**Intro**

The Contrast Transfer Function (CTF) is a measure of contrast between adjacent objects. In theory, the CTF is described as the convolution between the point-spread function (PSF) of the imaging system, and the step-function object that is being imaged:

The CTF is a function of step-function spacing, or spatial frequency. The CTF of a diffraction limited imaging system is:

In the above picture, the CTF is the blue curve, and the pink curve is the Modulation Transfer Function (MTF) - from an object that has a sine wave pattern.

Experimentally, one measures a CTF by measuring the contrast of some pattern of known spatial frequency. We use the MRS-5, which looks like this:

A point on the CTF curve is then $CTF\left(f_{spatial}\right)=\frac{Contrast\left(f_{spatial}\right)}{Contrast\left(f_{0}\right)}$

where $f_{0}=1/3\mathit{um}$ in our case.

**How well does the CTF correspond to what we hope to see?**

Though the CTF is a good measure of the quality of an imaging system, the limiting CTF resolution resolution doesn't correspond to the limiting resolution of atoms in a lattice. The reason for this is obvious - when taking a CTF, the object being imaged is extended, while atoms in the lattice are point sources. Below, we compare intensity distribution from the image of a "3-hatch pattern" seen in the MRS-5, to that of 3 point sources, both at a spatial frequency of 1/700nm. We assume that our imaging system has a resolution of 400nm, and the units of the x-axis is microns:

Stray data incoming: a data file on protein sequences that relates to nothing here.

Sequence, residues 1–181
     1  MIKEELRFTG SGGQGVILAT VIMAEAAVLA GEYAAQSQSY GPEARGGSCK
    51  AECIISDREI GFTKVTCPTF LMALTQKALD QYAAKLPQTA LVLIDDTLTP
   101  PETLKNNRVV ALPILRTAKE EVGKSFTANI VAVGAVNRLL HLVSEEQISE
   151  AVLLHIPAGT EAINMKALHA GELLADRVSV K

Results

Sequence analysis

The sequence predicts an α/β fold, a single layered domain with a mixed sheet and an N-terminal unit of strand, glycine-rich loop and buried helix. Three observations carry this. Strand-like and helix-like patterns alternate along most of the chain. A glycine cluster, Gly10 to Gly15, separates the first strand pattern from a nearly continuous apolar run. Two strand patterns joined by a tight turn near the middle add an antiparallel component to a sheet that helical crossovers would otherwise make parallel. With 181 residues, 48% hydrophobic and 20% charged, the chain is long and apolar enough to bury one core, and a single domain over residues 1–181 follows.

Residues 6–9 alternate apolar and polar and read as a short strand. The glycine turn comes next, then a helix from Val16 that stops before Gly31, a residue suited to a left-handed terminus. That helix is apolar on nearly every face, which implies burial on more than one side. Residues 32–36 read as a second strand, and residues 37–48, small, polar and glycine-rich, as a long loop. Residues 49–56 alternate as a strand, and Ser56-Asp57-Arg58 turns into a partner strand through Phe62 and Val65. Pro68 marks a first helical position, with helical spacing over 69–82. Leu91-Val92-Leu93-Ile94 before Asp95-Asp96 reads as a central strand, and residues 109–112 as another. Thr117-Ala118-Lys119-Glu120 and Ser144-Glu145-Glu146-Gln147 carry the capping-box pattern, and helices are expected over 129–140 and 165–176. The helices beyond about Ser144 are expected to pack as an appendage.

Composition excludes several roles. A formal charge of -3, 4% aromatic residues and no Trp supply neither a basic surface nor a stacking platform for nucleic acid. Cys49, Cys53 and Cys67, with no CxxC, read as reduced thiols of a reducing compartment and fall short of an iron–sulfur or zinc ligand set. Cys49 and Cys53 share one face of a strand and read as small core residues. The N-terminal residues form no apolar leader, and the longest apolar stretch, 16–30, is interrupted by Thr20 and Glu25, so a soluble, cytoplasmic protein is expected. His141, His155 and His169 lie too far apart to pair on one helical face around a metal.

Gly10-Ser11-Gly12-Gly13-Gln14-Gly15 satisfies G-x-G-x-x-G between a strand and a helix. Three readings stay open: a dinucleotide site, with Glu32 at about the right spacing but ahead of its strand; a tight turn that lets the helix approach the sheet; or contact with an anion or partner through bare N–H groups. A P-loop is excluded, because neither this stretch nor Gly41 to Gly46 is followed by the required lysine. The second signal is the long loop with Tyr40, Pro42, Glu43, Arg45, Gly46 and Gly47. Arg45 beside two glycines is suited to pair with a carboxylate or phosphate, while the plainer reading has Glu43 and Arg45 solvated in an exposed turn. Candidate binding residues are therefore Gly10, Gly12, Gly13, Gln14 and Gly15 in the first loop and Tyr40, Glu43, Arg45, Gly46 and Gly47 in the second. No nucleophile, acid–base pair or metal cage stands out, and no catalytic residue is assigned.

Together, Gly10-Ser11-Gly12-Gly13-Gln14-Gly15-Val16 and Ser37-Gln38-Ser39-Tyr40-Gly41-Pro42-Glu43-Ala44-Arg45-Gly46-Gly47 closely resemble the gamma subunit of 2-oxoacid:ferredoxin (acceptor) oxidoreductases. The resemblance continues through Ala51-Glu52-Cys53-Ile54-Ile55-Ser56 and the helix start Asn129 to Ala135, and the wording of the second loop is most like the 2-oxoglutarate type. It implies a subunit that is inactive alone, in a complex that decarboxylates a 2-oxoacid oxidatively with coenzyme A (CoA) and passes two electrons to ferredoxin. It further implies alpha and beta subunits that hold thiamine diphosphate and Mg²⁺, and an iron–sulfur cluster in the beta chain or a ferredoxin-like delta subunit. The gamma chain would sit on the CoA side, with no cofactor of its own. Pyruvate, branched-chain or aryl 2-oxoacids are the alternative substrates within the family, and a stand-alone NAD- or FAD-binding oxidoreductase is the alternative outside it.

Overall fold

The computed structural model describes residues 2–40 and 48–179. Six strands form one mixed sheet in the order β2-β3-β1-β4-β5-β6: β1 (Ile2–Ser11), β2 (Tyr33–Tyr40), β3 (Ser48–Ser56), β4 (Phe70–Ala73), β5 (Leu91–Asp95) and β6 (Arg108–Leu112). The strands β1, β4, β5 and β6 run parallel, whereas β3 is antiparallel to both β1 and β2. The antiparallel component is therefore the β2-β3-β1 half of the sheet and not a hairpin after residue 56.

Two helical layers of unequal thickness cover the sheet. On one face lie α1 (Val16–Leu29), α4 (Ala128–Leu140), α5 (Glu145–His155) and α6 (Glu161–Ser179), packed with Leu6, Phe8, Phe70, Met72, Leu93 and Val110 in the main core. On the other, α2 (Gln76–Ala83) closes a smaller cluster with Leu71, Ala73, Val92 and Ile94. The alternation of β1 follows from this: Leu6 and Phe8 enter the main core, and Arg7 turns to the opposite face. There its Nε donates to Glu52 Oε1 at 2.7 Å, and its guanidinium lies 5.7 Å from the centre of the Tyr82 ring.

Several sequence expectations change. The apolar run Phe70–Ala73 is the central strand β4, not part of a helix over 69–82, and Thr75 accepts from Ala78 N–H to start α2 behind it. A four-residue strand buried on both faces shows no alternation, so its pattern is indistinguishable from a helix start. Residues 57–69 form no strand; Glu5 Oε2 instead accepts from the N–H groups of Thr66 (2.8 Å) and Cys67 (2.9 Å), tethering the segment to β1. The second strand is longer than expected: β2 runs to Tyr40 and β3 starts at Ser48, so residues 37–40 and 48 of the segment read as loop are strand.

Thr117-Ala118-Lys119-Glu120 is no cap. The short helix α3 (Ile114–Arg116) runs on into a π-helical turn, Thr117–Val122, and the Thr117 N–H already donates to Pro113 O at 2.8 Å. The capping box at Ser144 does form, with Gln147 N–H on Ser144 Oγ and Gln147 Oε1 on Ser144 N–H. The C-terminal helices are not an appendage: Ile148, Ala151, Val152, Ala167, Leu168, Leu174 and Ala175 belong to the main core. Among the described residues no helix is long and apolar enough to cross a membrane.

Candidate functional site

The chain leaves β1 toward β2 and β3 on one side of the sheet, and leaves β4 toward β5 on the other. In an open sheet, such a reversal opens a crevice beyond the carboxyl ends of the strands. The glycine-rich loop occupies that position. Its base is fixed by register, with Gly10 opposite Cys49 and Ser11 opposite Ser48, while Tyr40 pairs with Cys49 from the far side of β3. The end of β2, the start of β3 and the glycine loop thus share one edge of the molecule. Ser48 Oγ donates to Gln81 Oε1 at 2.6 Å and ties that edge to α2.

where the blue curve is the "3-hatch pattern" intensity, and the pink curve is the 3 point source intensity. If now we also find the intensity distribution for the 3um hatch pattern (pink curve), while also including the 700nm hatch-pattern intensity from above for reference (blue curve):

we can compare a CTF from the hatch pattern and 3 point sources at 700nm:

Object |
CTF @ 700nm |

hatch | .60 |

point-source | .97 |

**Comparing CTF to MTF to PTF**

We can plot the CTF, MTF and PTF (Point Transfer Function - the contrast of 3 point sources) next to each other to directly compare them:

We can see that while the CTF and MTF gradually decrease as the spatial frequency of the pattern increases, the PTF has almost perfect contrast until the point is reached where the pattern separation becames of order the width of the point-spread function. This is seen directly below, where the intensity distribution arising from the image of three point sources is plotted as a function of $x$, the spatial period:

**Converting CTF to PTF**